As we anticipate a new system of pensions tax relief, the case to make the most of your savings power now before 6 April is stronger now than ever.
Four weeks left. That’s all we have got to go until the biggest change to pensions. Ever. (And given the momentous events of the last few years – 1988, simplification, pensions freedom – that is saying something!)
Four more weeks to go to Budget Day. Then George Osborne will announce a new system of tax reliefs for pensions. Retaining the status quo is probably a no go. So, the two main runners are moving to a ‘taxed exempt exempt’ (TEE) arrangement, where contributions are paid from taxed money, but the proceeds can be taken totally tax free (a pension ISA). Or a flat rate of tax relief where everyone receives the same rate of tax relief regardless of what tax they pay on their earnings.
At the moment, it’s this last option that is the bookie’s favourite to go ahead. Which, given the choice between the ‘rock’ and a ‘hard place’ options in front of us, is probably a good thing. There is no doubt in my mind that moving to a pension ISA position would be the final unravelling of pensions. There would be no incentives left to offer a good pension scheme, and employers will simply fall back to the statutory 3% of band earnings.
I would much prefer we kept the present system. It demonstrates the clear position as pensions as deferred pay (which is what they are), and incentivises higher and additional rate taxpayers to pay in money for them and for their workforces.
At least if we move to a flat rate tax relief system of somewhere in the band of 25% to 33% someone will benefit. Basic rate taxpayers will get more tax relief paid into their pension plan. But higher rate taxpayers will probably receive much less (depending upon the exact rate of tax relief chosen) and additional rate taxpayers will benefit least.
However, moving to a single rate tax relief may not prove to be the big incentive to save more some are claiming it will be. For someone earning £24,000 and paying 20% tax, if their own contribution is 3% of salary, then they pay in £60 a month, and the government currently tops it up to £75 a month. Move to a 25% single rate tax relief, then the government will top it up to £80 a month. Only £5 a month more. That will probably not set the world alight, and won’t fire up many to suddenly save more in pensions.
As well as the question of what tax system will pensions move to, it’s uncertain when will this change take place.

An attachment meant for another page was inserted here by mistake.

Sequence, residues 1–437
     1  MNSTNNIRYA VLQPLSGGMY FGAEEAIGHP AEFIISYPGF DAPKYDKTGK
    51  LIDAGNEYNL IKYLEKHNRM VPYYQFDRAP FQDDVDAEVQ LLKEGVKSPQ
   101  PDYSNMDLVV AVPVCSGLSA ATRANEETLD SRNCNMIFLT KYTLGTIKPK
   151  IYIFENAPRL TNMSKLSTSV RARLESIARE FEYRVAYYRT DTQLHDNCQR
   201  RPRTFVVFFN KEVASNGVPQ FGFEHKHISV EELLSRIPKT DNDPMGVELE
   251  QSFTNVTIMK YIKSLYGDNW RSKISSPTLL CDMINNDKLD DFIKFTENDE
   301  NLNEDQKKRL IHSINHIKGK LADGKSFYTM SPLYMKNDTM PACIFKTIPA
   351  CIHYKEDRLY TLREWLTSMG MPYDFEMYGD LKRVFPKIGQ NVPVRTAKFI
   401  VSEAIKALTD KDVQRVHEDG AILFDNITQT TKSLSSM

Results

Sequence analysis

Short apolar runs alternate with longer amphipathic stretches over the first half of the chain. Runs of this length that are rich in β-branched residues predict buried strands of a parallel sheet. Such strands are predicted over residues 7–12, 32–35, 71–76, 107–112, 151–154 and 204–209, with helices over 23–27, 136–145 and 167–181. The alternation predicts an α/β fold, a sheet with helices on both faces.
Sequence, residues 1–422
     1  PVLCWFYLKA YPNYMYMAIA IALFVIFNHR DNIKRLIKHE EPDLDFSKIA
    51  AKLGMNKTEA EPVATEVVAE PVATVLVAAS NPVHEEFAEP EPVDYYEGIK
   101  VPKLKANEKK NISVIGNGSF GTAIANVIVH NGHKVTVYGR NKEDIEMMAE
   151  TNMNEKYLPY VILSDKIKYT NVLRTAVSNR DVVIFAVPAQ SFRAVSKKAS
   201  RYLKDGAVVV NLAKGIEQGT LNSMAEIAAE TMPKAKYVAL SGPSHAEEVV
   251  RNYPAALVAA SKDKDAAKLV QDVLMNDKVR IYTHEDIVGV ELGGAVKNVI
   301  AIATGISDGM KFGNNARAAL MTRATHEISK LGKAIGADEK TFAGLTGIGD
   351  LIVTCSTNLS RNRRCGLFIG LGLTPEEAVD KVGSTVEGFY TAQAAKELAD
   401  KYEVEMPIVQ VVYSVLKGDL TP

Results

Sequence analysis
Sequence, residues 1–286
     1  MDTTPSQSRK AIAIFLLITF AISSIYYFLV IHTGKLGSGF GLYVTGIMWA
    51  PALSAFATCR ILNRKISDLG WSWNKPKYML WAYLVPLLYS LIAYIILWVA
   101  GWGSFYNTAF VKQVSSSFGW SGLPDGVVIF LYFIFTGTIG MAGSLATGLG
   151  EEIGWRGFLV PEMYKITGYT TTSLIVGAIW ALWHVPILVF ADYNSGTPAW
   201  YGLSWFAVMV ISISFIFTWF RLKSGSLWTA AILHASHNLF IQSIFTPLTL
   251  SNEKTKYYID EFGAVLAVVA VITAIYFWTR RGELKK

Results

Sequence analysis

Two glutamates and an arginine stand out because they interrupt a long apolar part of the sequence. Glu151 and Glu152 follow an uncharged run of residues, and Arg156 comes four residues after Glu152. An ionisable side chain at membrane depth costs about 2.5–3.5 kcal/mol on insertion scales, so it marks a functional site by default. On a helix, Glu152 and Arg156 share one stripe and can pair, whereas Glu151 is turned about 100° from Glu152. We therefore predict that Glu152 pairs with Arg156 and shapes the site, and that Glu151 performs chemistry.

It could be all change on 6 April 2016, but that seems a big ask. For all the providers out there with creaky admin systems, the big pension schemes, and HMRC itself, there is a fair bit of work to be done to move to the new arrangements.
So, April 2017 seems more likely. However, that would give a year’s warning to higher and additional rate taxpayers that these changes will come in, and would incentivise them to pay as much as they can in 2016/17. The government might be OK with that – after all, it has the reduction in the lifetime allowance to £1 million and the introduction of tapered annual allowance to temper people’s pension expectations and to keep a lid on an influx of contributions next year. But it could choose to bring out other measures to stop this behaviour – say a much lower annual allowance, to be effective from Budget Day to implementation in April 2017.
Remember these tax relief changes don’t just affect those additional rate taxpayers or those with big substantial pension pots. It affects most higher rate taxpayers now. And the biggest winners from the current system are those who are higher rate whilst earning and basic rate when taking the money out. These people may see the biggest fall in tax advantages when the new system is introduced.
So, it makes sense for all higher rate taxpayers to think about making additional contributions now before the new system is introduced. And, if you believe the government will bring in additional constraints in the run up to implementation date, then that gives only four weeks to complete the paperwork.
Pensions are about to undergo a transformation. Many will see a reduction in their saving power, so it makes sense to make the most of what you have now, and to contribute what you can before the change.